Q. How can two Christians honestly seeking God’s will come to two contradictory answers to questions about things like the age of the earth or whether women can be pastors?
Followers of Jesus who are people of good will and who have equal commitments to the authority and inspiration of the Scriptures may still come to different conclusions about what the Bible teaches if they have different interpretive presuppositions or if they follow different interpretive methods.
For example, if their presuppositions are that the Bible should be interpreted literally, this may lead them to conclude that the earth is much younger than the scientific consensus suggests. On the other hand, if their presuppositions are that the Bible should be interpreted literarily, this may lead them to believe that an earth that is billions of years old can be accommodated within a belief that God created the world as described in the Bible. (Full disclosure: I am of the latter persuasion, as is clear from various posts on this blog and from all of my other blog Paradigms on Pilgrimage.)
Similarly, if a reader of the Bible believes that the propositional statements within it have universal force, then they may see Paul’s comment to Timothy, “I do not permit a woman to teach or to assume authority over a man,” to be definitive on the question of whether women can be pastors. On the other hand, if a reader of the Bible believes that propositional statements should be understood and interpreted within their historical contexts, they may consider that such statements apply directly only to their original audiences, and that they must be applied to other contexts by inference and analogy. They would be read on a par with narrative and other genres, and not privileged because they are propositional. (Once again in the interests of full disclosure, I should make clear that I personally do not believe there should be any limitations on what women can do within the community of Jesus’ followers, simply because they are women. See the series of posts that begins here.)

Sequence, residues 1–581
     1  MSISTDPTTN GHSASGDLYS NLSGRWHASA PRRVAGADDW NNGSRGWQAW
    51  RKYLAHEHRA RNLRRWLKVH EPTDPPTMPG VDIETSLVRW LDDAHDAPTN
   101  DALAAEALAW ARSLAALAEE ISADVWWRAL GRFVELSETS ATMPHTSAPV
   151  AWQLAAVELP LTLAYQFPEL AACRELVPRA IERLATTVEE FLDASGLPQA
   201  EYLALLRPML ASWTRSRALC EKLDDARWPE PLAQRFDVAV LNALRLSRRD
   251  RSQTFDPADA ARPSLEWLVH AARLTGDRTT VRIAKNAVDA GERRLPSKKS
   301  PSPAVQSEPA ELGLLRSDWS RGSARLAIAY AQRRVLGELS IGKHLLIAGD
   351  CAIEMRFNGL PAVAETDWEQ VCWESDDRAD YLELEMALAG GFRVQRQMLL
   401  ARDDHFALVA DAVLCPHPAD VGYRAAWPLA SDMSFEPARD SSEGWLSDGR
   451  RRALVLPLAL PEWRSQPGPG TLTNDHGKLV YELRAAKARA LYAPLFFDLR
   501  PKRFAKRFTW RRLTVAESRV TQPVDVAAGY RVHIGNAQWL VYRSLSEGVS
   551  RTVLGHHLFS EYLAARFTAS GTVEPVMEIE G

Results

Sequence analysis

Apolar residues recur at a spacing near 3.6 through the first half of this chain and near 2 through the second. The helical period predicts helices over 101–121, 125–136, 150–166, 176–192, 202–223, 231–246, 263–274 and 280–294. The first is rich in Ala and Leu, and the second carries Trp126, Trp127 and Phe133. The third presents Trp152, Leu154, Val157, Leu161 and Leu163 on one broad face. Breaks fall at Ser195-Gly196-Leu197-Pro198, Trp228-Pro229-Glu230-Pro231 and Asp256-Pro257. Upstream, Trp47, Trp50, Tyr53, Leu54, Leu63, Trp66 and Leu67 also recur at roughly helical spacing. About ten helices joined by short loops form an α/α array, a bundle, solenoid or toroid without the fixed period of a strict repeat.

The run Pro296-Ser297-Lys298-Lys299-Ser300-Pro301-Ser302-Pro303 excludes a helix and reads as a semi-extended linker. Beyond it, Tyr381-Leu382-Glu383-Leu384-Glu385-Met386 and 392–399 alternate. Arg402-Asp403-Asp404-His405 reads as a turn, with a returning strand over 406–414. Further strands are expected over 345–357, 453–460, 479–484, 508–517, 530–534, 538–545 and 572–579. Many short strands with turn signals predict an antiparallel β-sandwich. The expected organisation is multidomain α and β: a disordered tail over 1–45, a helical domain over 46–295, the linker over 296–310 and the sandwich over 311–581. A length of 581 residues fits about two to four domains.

So is there any hope that followers of Jesus who hold divergent interpretive presuppositions or who follow different interpretive methods can ever be brought to agree? Stated briefly, yes, I think that can happen. Specifically, I believe that over time our experience of God’s work in our lives and in the lives of others can make us uncomfortable with some of our previous conclusions, and this can challenge us to re-examine the presuppositions and methods that led us to them. In such a case we will ideally realize that it was not so much the Bible itself, but the way we were interpreting it, that led us to these conclusions, and we will continue to look to the Bible as a source of divine instruction, but we will do so in a new way. This has happened to me many times myself, and I’ve seen it happen for many others as well. Once this has happened, we not only come to see some things differently than we did before, we are also more accommodating of others who see things differently than we do now, and we can recognize more common ground between once seemed like contradictory views.
And while all of us are in this process, I think a good motto—found earliest in the writings of Archbishop Marco Antonio de Dominis—is: “In essential things, unity; in uncertain things, liberty; in all things, charity.” (And if two interpreters disagree over whether something is essential or uncertain, well, that’s where charity comes in.)